Welcome to Tomm Law's resources page! Please note that your use of the site is subject to the terms and conditions, which includes disclaimers and waivers of liability.

Wrongful Dismissals and Restrictive Covenants The Cross Roads of Theory and Practice

Matthew Tomm / Jun 20, 2016


Employers sometimes require their employees to sign restrictive covenants, prohibiting competition or solicitation of clients after the termination of employment. Such restraints can make it difficult for employees to secure alternative work. The question often arises: How do restrictive covenants affect an employee’s entitlement to notice of termination? Recent case law from Alberta and Ontario confirms the presence of non-competition and non-solicitation covenants sometimes justifies lengthened notice periods, even if the covenants eventually prove unenforceable.

It is well-established that restrictive covenants in an employment contract can result in longer notice periods (Dimmer v. MMV Financial Inc., 2012 ONSC 7257 at para 99; Murrell v. Burns International Security Services Ltd., 1997 CanLII 1287 (Ont CA)). According to Holland v. Hostopia.com Inc., 2015 ONCA 762, this is because they make it more difficult for the employee to find comparable employment. Holland also makes clear that a longer notice period is not automatic. If the covenant does not affect the wrongfully dismissed employee’s ability to get new work, it will likely not affect the reasonable notice period.

A recent Alberta case introduces something of a puzzle. In Specialized Property Evaluation Control Services Ltd v. Les Evaluations Marc Bourret Appraisals Inc., 2016 ABQB 85 at para 25, the Court confirmed that a wrongfully dismissed employee will not be bound by negative covenants.

Wrongful dismissal repudiates the employment agreement and terminates the contract, thereby discharging parties from future obligations[.][A]n employer who wrongfully terminates a contract of employment should not be able to capitalize on its failure to give notice or damages in lieu of notice by enforcing prospective obligations against an innocent employee. Wrongfully dismissed employees are excused from compliance with restrictive covenants.

This raises the question: If the wrongfully dismissed employee is not bound by negative covenants and is thus not disadvantaged in her search for alternative employment, should the notice period be affected at all by the presence of such covenants?

Employers may be tempted to suggest, based on Specialized Property Evaluation Control Services Ltd, that notice periods for wrongful dismissal should never be lengthened due to the existence of a non-competition or non-solicitation clause. That would be a mistake. Negative covenants can affect an employee even if they prove, in retrospect, unenforceable. Whether a given dismissal was wrongful is not always clear prior to the matter being adjudicated. For that reason, an employee dismissed without notice may feel he cannot risk acting contrary to a restrictive covenant, even though he believes the dismissal was without cause. If a court disagrees, he could be liable for damages for breach of contract. (For similar reasoning, see Ryan v. Laidlaw Transportation Ltd., 1995 CanLII 7020 (Ont CA)).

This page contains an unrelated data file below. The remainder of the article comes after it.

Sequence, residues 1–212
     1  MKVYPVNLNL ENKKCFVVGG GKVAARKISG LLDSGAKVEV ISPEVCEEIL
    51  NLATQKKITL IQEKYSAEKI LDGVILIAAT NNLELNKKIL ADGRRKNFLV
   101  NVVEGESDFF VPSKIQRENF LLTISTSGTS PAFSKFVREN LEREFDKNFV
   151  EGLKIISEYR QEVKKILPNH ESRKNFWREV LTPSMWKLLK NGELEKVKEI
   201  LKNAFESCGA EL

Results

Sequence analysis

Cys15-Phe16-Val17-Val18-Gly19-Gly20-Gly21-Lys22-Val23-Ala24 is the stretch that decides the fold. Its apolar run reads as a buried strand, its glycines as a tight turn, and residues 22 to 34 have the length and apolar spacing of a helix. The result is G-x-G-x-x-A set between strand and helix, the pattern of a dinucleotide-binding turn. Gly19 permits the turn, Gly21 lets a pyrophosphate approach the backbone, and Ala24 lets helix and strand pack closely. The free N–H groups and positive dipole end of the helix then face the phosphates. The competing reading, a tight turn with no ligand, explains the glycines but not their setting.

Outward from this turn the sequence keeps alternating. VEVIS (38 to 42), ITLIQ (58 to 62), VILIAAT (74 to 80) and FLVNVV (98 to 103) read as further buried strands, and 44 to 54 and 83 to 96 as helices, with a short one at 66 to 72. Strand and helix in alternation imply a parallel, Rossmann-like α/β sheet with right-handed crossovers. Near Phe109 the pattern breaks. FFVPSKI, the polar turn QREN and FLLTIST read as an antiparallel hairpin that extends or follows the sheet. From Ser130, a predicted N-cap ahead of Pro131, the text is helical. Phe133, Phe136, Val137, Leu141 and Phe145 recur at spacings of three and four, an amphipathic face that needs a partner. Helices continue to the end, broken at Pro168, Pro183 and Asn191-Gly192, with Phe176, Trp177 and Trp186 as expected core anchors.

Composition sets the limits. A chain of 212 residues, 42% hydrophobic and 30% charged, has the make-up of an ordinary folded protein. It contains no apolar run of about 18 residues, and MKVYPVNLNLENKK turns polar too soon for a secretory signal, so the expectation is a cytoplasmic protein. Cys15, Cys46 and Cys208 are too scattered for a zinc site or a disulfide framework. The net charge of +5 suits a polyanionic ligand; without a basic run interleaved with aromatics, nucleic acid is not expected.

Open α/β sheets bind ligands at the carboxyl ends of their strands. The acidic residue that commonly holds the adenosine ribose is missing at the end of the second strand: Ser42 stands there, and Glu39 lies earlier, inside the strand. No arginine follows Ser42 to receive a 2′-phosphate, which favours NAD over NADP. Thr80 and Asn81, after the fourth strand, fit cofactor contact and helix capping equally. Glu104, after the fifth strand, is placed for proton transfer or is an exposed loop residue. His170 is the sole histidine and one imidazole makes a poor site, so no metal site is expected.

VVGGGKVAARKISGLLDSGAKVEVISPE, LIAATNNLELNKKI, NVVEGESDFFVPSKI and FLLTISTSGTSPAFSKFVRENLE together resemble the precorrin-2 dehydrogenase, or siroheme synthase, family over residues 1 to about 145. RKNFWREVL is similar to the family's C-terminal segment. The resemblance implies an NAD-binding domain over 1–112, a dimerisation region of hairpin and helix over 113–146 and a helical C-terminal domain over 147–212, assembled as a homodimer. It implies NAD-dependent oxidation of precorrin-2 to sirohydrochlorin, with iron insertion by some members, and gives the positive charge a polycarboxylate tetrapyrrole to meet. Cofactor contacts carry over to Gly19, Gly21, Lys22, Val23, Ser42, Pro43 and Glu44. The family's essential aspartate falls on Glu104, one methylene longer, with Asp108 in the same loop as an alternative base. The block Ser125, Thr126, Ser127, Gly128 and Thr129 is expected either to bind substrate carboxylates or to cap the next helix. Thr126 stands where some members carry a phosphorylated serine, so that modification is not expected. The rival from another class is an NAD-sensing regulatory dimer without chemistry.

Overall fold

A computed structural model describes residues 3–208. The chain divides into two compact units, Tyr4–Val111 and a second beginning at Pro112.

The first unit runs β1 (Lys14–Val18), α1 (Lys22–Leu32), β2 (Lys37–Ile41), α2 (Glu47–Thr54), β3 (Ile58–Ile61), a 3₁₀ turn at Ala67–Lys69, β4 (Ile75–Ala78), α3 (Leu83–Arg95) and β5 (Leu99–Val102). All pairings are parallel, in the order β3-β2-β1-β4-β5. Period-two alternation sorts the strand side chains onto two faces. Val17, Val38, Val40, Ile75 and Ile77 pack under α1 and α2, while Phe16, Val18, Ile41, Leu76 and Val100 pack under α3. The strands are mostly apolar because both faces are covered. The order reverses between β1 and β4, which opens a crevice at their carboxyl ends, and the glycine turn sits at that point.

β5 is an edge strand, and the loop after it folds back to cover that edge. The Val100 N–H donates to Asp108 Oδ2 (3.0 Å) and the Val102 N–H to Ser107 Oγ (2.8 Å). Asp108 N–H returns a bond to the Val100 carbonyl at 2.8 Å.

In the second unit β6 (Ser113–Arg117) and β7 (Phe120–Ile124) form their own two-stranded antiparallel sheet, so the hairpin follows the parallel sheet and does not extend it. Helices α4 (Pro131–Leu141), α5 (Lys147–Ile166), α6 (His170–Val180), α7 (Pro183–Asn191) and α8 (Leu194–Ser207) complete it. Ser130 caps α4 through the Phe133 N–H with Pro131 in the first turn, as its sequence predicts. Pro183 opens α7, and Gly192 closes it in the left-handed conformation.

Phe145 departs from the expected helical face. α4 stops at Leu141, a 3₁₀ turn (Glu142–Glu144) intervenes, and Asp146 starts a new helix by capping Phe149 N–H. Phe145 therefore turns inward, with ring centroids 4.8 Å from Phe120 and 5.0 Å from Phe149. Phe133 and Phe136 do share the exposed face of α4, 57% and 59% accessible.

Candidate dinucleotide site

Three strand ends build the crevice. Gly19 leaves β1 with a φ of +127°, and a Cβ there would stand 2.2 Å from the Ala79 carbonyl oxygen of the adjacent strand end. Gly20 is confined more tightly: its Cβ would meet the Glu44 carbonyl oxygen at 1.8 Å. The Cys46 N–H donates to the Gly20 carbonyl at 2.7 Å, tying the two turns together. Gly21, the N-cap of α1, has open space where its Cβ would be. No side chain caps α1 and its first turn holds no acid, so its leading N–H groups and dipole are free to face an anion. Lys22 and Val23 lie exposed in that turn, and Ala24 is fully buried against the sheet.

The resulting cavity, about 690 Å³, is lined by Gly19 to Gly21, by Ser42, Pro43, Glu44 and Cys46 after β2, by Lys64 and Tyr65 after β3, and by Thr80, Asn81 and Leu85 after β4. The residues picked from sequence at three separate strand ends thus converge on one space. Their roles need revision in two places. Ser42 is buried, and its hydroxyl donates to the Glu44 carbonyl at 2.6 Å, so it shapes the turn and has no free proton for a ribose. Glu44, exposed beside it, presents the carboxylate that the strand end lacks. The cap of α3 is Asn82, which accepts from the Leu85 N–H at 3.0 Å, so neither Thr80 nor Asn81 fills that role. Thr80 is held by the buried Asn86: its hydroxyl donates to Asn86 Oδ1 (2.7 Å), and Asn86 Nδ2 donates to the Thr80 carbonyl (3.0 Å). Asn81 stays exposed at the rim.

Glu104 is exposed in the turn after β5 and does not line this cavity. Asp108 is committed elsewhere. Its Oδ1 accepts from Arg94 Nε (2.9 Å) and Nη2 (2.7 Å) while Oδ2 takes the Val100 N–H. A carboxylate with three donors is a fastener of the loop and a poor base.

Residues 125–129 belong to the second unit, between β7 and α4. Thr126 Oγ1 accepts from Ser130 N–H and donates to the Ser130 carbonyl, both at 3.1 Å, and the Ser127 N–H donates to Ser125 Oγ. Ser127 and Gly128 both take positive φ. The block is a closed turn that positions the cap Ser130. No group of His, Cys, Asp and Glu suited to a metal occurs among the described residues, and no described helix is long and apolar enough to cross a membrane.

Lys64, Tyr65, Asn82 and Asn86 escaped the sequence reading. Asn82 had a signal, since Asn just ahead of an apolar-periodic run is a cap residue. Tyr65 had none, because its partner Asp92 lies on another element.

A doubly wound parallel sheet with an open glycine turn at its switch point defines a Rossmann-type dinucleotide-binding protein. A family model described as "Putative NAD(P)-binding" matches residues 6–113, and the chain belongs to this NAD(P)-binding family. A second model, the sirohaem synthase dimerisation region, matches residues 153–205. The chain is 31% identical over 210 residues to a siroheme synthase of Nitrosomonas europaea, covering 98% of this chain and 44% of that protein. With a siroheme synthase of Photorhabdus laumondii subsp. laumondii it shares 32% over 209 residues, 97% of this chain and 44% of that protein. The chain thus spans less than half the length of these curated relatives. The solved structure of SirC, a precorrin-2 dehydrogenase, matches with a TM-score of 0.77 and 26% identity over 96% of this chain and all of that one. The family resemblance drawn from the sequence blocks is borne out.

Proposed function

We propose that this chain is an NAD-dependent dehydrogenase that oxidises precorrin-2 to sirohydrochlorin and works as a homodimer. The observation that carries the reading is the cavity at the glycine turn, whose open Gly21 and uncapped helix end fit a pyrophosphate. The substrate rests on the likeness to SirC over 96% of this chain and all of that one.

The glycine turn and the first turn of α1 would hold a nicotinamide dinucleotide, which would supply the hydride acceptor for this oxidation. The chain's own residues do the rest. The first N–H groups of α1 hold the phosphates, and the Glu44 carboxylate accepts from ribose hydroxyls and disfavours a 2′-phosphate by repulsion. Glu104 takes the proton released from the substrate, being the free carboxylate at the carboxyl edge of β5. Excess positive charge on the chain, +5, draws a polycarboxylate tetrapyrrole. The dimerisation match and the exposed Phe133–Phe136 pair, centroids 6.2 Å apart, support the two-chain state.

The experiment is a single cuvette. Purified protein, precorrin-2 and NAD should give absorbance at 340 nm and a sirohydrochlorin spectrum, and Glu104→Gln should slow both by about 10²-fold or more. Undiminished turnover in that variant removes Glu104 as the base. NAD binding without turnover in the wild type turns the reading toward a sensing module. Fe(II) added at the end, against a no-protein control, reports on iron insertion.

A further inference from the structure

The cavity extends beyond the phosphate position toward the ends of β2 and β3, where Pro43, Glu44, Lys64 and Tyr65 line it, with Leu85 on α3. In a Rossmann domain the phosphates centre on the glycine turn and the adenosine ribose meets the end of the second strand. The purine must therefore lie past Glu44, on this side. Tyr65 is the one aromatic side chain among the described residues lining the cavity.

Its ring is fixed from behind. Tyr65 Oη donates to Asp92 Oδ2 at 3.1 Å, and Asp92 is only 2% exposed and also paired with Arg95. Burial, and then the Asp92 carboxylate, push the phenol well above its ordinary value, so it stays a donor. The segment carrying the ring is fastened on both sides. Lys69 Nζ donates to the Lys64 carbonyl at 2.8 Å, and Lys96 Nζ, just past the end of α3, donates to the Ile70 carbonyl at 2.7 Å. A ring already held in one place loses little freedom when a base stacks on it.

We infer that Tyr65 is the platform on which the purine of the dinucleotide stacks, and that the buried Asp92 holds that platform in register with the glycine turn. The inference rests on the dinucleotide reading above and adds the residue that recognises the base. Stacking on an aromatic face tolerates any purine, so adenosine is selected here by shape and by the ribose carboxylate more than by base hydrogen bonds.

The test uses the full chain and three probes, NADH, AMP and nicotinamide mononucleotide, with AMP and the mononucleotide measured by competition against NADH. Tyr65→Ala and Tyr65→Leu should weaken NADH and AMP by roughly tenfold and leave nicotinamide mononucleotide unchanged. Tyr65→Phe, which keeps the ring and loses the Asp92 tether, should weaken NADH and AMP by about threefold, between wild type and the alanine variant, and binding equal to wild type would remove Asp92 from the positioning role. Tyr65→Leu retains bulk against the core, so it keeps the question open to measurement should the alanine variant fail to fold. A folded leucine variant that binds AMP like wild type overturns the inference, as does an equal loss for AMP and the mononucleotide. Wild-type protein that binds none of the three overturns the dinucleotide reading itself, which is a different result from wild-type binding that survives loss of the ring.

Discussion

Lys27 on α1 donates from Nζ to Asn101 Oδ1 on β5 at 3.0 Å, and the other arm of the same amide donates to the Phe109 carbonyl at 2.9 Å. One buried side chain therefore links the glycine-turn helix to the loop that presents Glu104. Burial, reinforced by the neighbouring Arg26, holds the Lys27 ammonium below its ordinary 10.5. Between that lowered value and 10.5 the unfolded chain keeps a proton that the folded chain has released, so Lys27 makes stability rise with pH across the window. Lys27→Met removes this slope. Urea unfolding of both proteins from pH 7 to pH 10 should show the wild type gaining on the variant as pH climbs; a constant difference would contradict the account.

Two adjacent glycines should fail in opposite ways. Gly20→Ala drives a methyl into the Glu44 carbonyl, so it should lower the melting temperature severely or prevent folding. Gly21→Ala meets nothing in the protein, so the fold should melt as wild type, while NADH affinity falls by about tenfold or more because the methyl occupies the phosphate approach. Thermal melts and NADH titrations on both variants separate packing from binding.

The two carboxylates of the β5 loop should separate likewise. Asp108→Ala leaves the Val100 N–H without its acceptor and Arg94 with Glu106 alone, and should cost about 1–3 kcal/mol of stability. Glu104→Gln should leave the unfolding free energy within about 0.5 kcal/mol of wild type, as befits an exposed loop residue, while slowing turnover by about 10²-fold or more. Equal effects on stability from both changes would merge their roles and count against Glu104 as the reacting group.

How do we determine if a restrictive covenant will affect the notice period? The underlying issue is whether the covenant inhibited the search for alternative employment. Thus, if the employer takes a position that the covenant is enforceable and the employee reasonably limits her job search accordingly, that could justify a lengthened notice period, even if at trial the negative covenant is found unenforceable. On the other hand, if the employer clearly communicates from the outset that it will not enforce the restrictive covenant, then it can argue the notice period should be unaffected.

Whether a non-competition or non-solicitation clause justifies a longer notice period will depend on the circumstances of each case. As often in law, there are no hard and fast rules; fact sensitive judgment is the only reliable guide.

Matthew Tomm provides legal services in Calgary, Alberta, focusing on employment law and estate litigation.


This website does not provide legal advice or opinion and should not be relied on as such advice or opinion. The articles here provide general information only. Tomm Law makes no claims, promises, or guarantees of the accuracy or completeness of the information. Articles are not updated after publication and may become outdated with changes in jurisprudence or legislation. Your use of this site is subject to the Terms and Conditions, which include disclaimers and waivers of liability.

Leave a comment.

Be the first to comment.